Installing the drive in the enclosure:

  1. This is a straight forward procedure, remove the half of the enclosure cover opposite the fan side (four screws)

    Max 4 with drive enclosure with top removed

    Max 4 with top removed

  2. Remove the two plastic drive retaining clips (one screw each)

    drive enclosure plastic drive support brackets

    plastic drive support brackets (the upper one is in place)

  3. Place a retaining clip on each side of the drive (plastic pins go into the screw holes normally used to mount the drive in a computer case)

    sliding drive towards enclosure’s connector

    sliding drive towards enclosure’s connector

  4. Place the drive into the enclosure and gently slide it forward, snuggling it into the connectors on the enclosure’s circuit board

    disk drive nestled into enclosure connector

    drive nestled into enclosure connector

  5. replace the screws that hold the drive retaining clips and gently tighten
  6. replace the enclosure cover and screws

With the new drive nestled into the enclosure, it’s time to partition the drive so you can finally backup all your important files, and sleep better for it. To do this you’ll need to connect the external drive enclosure to your computer with either the USB, or eSATA cable.

Connecting with USB

With the enclosure’s power switch in the OFF position, connect the DC power cable to the enclosure (6 pin mini-DIN) and AC plug into a surge protector. You do use a quality surge protector, don’t you? Next, connect the external drive enclosure to the computer with the supplied USB cable. With your computer fired up, turn the enclosure’s power switch to the ON position. Exciting, huh?

Connecting with eSATA

If only things were simple… There are two procedures for connecting with eSATA: hot plugging and cold plugging. Hot plugging is just like connecting with a USB interface, except, of course, an eSATA cable is used instead of a USB cable. With hot plugging, the external drive can be connected to the computer while the computer is running, no need for a reboot. Disconnecting a hot pluggable drive requires us to “safely remove hardware” before disconnecting the cable, or turning off power to the drive. This prevents data loss and/or corruption. There are three requirements for eSATA hot plugging:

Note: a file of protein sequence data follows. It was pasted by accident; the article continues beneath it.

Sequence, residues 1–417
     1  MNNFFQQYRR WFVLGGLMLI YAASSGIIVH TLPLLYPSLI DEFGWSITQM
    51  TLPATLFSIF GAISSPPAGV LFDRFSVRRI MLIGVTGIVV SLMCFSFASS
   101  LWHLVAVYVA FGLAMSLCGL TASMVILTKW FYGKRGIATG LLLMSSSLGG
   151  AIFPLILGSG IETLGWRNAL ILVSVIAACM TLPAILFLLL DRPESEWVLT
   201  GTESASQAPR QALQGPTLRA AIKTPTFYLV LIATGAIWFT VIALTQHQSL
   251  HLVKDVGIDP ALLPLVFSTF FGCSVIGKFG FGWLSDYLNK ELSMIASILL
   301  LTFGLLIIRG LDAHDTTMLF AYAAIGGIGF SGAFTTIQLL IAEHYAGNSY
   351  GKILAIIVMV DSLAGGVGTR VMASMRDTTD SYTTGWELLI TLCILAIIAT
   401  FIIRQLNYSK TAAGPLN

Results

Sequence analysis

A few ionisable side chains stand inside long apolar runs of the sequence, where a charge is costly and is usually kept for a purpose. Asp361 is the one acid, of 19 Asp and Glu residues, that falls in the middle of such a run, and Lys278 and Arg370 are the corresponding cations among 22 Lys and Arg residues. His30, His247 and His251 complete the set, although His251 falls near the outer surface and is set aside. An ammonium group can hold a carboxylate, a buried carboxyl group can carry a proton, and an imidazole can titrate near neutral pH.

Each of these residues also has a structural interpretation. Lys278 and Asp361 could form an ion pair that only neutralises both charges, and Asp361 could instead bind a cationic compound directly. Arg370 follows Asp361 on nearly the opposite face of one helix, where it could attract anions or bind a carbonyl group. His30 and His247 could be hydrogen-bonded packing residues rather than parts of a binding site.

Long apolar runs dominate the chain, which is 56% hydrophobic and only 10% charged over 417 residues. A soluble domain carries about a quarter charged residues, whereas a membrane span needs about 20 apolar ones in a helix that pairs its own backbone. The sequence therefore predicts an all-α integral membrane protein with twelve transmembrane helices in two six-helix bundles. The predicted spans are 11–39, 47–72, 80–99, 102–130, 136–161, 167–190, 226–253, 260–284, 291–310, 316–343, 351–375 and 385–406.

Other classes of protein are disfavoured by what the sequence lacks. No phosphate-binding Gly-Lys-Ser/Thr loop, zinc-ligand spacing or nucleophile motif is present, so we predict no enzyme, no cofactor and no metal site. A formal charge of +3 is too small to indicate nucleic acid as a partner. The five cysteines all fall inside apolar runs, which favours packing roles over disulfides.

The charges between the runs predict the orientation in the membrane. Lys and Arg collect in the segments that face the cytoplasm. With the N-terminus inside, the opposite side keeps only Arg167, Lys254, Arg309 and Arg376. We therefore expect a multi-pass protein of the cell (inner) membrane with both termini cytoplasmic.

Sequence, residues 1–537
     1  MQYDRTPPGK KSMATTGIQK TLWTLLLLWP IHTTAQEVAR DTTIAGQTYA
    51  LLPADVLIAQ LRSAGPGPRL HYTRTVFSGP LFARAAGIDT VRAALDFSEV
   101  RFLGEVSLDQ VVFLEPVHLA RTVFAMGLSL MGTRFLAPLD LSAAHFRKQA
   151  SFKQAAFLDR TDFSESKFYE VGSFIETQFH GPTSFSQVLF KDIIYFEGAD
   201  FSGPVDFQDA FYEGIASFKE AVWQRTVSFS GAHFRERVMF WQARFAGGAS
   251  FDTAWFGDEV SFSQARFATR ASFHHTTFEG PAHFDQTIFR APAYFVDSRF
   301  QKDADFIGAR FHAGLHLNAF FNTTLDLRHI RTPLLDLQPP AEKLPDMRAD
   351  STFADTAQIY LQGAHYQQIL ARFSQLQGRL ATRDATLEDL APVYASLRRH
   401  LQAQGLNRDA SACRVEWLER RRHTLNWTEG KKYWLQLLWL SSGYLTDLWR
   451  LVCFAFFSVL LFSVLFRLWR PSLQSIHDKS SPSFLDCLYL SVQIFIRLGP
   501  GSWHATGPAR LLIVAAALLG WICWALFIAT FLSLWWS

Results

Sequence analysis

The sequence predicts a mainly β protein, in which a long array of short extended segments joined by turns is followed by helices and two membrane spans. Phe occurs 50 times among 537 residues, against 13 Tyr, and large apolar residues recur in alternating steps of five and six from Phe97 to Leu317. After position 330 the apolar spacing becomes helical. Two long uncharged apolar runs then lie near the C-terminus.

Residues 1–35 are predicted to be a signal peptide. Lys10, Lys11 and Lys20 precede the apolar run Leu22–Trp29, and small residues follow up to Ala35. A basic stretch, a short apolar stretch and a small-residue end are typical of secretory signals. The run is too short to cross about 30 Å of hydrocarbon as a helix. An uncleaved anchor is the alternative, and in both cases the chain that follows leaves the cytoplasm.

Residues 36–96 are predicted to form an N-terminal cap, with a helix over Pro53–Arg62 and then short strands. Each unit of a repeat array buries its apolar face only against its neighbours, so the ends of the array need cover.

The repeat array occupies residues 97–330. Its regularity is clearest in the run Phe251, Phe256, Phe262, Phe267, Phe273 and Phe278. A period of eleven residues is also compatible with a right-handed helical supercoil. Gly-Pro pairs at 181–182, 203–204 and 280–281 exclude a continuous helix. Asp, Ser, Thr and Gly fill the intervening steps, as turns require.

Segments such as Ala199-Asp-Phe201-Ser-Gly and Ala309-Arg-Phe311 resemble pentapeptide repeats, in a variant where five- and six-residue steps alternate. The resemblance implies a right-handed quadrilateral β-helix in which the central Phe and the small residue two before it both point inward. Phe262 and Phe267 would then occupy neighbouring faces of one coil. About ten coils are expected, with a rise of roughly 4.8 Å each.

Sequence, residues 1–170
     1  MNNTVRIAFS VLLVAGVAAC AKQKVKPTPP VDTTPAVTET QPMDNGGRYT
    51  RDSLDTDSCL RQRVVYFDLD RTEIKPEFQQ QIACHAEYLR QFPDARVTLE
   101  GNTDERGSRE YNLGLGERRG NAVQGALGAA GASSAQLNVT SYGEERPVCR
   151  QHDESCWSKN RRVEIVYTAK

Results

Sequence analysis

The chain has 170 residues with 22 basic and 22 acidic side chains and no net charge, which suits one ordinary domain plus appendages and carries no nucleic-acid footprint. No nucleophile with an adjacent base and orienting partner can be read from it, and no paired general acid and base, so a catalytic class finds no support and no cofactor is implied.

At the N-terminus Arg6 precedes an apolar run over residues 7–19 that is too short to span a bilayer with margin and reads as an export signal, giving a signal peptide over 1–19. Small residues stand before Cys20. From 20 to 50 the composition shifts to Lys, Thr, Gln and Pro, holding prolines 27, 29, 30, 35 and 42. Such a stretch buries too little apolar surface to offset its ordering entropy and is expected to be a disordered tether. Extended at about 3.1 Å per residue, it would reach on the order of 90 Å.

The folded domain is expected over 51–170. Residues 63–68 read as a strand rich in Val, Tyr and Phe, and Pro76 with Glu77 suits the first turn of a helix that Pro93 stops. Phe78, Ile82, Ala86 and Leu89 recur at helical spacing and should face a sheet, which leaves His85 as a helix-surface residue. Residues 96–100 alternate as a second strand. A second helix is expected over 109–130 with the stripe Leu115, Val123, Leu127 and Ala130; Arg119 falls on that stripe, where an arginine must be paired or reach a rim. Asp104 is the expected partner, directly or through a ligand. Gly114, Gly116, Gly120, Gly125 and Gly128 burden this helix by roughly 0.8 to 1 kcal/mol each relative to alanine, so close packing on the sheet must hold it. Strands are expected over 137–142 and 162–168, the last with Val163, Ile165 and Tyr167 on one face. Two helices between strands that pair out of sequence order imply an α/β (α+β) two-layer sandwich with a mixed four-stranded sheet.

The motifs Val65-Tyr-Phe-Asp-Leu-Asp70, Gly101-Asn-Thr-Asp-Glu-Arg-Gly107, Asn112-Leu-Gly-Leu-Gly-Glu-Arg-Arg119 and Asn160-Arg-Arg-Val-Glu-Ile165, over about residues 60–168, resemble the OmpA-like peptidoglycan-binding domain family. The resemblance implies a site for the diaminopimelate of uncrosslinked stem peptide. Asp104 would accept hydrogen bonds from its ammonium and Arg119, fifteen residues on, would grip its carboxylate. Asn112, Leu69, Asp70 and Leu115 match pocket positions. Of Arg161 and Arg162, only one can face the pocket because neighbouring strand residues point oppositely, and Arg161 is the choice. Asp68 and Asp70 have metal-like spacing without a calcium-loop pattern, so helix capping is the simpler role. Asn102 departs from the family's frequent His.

1. The correct operating system drivers must be loaded
  2. The Advanced Host Controller Interface (AHCI) must be enabled in the BIOS
  3. The disk drive must support hot plugging

This assumes that your computer supports SATA and that you have an eSATA connector on your computer. If your desktop computer supports SATA, but doesn’t have an eSATA connector, you can install the supplied eSATA bracket. If your Desktop computer doesn’t support SATA at all, there’s still hope—an eSATA PCI add-in card will do the trick. Sadly, not all notebook computers come with an eSATA connector, not even new ones; however, there are both CardBus and ExpressCard eSATA adapters available.

If your computer (or disk drive) does not support, or is not setup for hot plugging, cold plugging is in order. With your computer off, connect the power cable to the external drive, then connect the drive to the computer with the eSATA cable. Turn on the external drive first, then turn on the computer. You’ll have to leave the external drive powered up and connected while the computer is on. At the end of the day, shut down your computer first, then turn off the external drive. For more information on hot plugging eSATA drives, visit: wikipedia.org/wiki/AHCI.

Partitioning and Other Woes